chapter  Three
29 Pages

The Introduction of Training: Crises and Debates

ByAnnie Tardits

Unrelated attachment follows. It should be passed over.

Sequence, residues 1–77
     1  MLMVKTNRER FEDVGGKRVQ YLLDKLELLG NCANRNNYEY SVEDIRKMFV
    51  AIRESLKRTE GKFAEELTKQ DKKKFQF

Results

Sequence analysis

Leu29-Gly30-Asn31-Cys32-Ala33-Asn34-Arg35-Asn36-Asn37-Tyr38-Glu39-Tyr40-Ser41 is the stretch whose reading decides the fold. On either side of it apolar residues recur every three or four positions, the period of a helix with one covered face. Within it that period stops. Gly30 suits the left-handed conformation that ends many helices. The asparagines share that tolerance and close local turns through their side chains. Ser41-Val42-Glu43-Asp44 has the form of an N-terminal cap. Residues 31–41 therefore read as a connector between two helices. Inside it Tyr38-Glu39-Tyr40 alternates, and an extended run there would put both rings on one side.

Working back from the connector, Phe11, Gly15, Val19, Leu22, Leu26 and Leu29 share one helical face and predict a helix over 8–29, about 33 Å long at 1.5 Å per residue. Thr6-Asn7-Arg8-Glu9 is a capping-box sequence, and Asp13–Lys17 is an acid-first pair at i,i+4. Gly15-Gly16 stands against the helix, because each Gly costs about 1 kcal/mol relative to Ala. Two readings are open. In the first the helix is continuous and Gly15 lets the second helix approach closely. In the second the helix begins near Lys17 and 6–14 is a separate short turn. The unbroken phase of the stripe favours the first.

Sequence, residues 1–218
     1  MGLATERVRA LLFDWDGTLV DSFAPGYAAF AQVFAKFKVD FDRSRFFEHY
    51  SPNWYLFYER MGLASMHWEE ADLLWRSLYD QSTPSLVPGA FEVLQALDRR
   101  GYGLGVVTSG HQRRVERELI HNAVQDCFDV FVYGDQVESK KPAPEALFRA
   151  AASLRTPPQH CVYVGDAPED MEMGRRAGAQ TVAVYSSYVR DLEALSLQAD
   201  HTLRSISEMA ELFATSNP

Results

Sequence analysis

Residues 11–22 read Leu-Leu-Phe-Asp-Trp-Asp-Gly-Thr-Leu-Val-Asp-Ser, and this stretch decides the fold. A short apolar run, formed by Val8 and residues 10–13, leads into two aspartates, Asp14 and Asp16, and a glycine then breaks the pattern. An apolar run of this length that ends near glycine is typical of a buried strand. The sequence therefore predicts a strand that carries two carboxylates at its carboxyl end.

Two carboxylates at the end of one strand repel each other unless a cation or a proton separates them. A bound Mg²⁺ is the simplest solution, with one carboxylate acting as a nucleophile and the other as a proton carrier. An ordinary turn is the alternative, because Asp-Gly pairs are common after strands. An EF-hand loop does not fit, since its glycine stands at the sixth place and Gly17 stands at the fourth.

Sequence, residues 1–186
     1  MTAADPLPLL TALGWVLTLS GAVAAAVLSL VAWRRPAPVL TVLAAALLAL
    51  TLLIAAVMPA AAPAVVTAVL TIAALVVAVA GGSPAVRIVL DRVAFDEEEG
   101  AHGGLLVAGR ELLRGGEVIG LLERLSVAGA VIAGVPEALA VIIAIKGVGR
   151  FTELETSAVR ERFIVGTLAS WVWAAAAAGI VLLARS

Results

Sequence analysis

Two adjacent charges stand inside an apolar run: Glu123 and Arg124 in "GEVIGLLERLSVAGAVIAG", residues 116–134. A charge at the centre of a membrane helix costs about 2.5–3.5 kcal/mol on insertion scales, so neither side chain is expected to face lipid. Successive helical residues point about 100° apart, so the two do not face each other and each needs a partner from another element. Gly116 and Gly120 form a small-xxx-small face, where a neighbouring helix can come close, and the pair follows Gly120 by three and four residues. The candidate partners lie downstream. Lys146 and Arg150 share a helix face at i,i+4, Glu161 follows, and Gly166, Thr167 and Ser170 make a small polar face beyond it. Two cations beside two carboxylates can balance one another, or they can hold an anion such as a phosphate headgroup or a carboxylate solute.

The choice of dialogue shows Sigmund Freud’s prudence and skill in taking the more radical position of favouring the practice of analysis by non-physicians, without complementary medical training. The contributions to the debate of 1927 on lay analysis show the extent of the misunderstanding between Freud and most analysts, as well as the extent to which his “fantastical” idea for training fell on deaf ears. In 1952, when the Societe Psychanalytique de Paris (SPP) planned to reopen an institute charged with the task of organizing theoretical and practical teaching, M. Balint and H. Sachs had already stigmatized the impasses of the International Psychoanalytic (al) Association training; Balint’s text had been circulated in the SPP on Lacan’s initiative. S. Nacht’s administrative blunder revealed his confiscation, for his own autocracy, of the Commission’s authority and his wish to efface the training powers of the SPP.